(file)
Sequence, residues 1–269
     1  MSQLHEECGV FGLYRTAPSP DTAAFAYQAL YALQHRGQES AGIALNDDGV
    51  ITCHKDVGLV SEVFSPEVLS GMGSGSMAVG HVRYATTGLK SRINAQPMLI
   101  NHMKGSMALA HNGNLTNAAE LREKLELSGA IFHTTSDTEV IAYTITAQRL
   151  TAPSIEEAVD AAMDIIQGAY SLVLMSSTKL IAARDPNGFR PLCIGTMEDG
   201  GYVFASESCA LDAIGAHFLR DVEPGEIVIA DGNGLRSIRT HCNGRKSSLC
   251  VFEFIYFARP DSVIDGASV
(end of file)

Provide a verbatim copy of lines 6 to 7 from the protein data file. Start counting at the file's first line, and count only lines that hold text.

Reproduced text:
   201  GYVFASESCA LDAIGAHFLR DVEPGEIVIA DGNGLRSIRT HCNGRKSSLC
   251  VFEFIYFARP DSVIDGASV